Central Precinct Capt. Sara Westbrook said she spoke to Hamburger Mary’s staffers recently and said she believes they don’t understand how the emergency response system works.
“Hamburger Mary’s is frustrated, I get it,” she said. “But if the suspect is not there right now, then that’s going to be downgraded to a lower level of response; it doesn’t mean we’re not going to come.”
Cooke said he’s seen more foot patrols near the business since the conversation with Westbrook, but he worries it’s temporary.
Mike Boyer, crime prevention specialist with the Office of Neighborhood Involvement, said city and county officials recently met with six area businesses. City officials said they would look into the 9-1-1 calls that Hamburger Mary’s has made to ensure proper action was taken by dispatchers.
Hamburger Mary’s, a Portland institution, came back to Portland 10 months ago and set up shop at 19 N.W. Fifth Ave. But transients take refuge in the entryway as soon as the lights are out in the restaurant, and employees have to shoo them away the next morning.
“There are obvious issues with the (9-1-1) system,” Boyer said. But he added that he’s pursuing other ideas that could cut down on crime, including updating a trespass agreement for Hamburger Mary’s that would allow police to arrest people for being on the restaurant’s property without permission.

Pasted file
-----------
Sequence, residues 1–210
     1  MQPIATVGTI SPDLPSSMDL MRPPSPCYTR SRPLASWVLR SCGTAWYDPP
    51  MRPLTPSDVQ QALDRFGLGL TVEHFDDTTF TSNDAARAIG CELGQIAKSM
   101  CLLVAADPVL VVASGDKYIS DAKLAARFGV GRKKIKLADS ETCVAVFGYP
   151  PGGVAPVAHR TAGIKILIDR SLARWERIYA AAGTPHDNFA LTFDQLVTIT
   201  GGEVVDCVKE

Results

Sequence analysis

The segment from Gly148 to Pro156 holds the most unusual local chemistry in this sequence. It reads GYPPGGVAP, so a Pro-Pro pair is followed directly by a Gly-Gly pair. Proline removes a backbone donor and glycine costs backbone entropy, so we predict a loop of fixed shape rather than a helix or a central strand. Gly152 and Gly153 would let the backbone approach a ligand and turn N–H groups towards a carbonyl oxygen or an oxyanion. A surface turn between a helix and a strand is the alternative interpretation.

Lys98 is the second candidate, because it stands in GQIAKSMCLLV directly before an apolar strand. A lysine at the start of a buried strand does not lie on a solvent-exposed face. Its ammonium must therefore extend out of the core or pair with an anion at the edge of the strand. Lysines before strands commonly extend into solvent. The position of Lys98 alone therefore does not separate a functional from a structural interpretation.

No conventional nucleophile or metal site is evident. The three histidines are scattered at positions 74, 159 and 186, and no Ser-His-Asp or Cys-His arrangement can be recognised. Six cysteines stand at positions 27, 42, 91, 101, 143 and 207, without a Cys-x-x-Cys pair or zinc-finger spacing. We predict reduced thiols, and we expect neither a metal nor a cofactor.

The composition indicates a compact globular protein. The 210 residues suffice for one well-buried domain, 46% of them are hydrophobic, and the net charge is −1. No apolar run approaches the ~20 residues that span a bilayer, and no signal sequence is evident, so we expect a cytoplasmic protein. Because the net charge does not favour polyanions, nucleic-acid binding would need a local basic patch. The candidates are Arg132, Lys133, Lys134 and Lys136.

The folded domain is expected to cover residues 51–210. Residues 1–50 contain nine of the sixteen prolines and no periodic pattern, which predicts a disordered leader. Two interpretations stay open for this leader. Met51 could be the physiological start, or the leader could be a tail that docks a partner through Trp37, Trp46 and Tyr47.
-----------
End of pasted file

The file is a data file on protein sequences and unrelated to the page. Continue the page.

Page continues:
He would also ask the Salvation Army Female Emergency Shelter next door to Hamburger Mary’s to place staffers outside the shelter to police residents.
But Salvation Army Maj. Don Gilger said that won’t happen.
“Once they step on the street, they’re not under my control,” Gilger said. “To say that it’s a dangerous area is a correct statement. It’s not any more dangerous because we’re there.”
Westbrook estimated that Old Town has “more resources per square foot than I suspect any other area of the city has.”
She said the Central Precinct has several patrols that no other precinct has, including a mounted patrol, street crimes unit and a walking patrol that works overtime hours.
“What’s here is scary”
But the police presence hasn’t been able to deter crime enough for Jon Klote to stay in the neighborhood. He recently relocated his record store, Anthem Records, from Old Town to Northeast Flanders Street and 28th Avenue.
“People who come to Old Town are usually lost while looking for Voodoo Doughnuts. What’s here is scary things for people like that,” Klote said. “It’s not worthwhile to do business here.”
During the two years he operated in Old Town, Klote said, he regularly slapped crack out of people’s hands and cleaned up urine and feces in the doorway.
“A lot of people, I think they want to see things work in Old Town,” Klote said. “It’s just that it’s very volatile because there is no oversight” for the people staying at the shelters.
Cooke and others don’t blame the shelters for the neighborhood’s issues, but they say the organizations and city have an obligation to make sure the neighborhood is safe.
“We need support,” Cooke said. “We’re not here to ruffle feathers, we’re here to make a change. The only way change happens is with support, and we’ve done everything we can; we’re running on empty.”
“We cannot accept this. We cannot accept the neighborhood the way it is.”